Global, ASMR for females increased between 1990 and 1994 (EAPC: 0.9 [0.5–1.2]). The trend reversed but was statistically non-significant between 1994 and 1997 (EAPC: − 0.4 [− 1.5 to 0.6]). Again, there was an increase in ASMR between 1997 and 2006 (EAPC: 0.3 [0.1–0.4]). The trend between 2006 and 2019 showed an improvement in mortality (EAPC: − 0.6 [− 0.6 to − 0.5]). The South-East Asian region has seen the largest increase between 2012 and 2019 (EAPC: 1.5 [1.2–1.8]). Europe was the only region with negative growth recently, between 2005 and 2019 (EAPC: − 0.2 [− 0.3 to − 0.2]).

Amongst EU 15 + countries, recent trends have been mixed. The greatest increase but statistically non-significant was observed in the USA between 2017 and 2019 (EAPC: 1 [0–2]). The greatest decrease was observed in Denmark between 1998 and 2019 (EAPC: − 1.6 [− 1.7 to − 1.5]). WHO regions have mostly seen an increase in ASMR recently.

Trends in KC disability-adjusted life-years, 1990–2019

Across the 29-year study period, there was a rise in DALYs globally for males (+ 13.1%) and a fall for females (− 9.4%). Similar trends were seen across all six regions as well. The Eastern Mediterranean region saw the greatest increase for males (+ 76.6%), whereas the Americas saw the smallest rise (+ 2.1%). Apart from the Americas (− 23.5%), all regions saw a rise in DALYs for females, led by the Eastern Mediterranean region (+ 36.3%).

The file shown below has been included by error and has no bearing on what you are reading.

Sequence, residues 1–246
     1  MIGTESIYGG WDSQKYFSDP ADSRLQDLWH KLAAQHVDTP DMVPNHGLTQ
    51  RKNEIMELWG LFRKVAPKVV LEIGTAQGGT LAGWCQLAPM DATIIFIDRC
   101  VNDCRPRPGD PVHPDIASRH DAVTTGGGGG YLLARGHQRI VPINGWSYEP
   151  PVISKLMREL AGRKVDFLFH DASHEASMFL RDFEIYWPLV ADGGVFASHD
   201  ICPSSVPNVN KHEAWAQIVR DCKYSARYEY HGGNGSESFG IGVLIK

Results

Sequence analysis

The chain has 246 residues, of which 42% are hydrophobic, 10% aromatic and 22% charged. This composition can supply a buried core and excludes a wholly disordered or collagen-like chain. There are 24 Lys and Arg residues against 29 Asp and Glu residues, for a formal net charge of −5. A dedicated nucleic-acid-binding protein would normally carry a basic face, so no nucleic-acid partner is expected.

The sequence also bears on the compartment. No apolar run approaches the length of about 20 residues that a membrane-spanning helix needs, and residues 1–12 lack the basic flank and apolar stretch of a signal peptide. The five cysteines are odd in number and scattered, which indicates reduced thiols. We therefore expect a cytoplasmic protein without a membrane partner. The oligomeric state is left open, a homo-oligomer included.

In the EU15 + countries, Denmark saw the greatest rise in DALYs for both males and females, + 38.6% and + 30.2 respectively. Austria saw the greatest decrease in DALYs across the study period for males and females, − 39.5% and − 41.2%, respectively. Figures 1 and 2 depict gender-specific trends in KC DALYs across EU 15 + countries and 6 WHO regions.

Tables 1 and 2 and, Figs. 1 and 2 depict gender-specific trends in KC DALY across EU 15 + countries and 6 WHO regions.

The Joinpoint analyses for DALYs in males and females are shown in Table 5 and Fig. 5

Table 5 Joinpoint analysis for KC age-standardized DALYs in EU15 + countries and WHO regions for years 1990–2019 for both sexes.
Figure 5
figure 5

Trends in disability-adjusted life years (DALYs) per 100,000 for KC in EU15 + countries and WHO regions between 1990 and 2019. Open squares indicate males; and filled circles, females.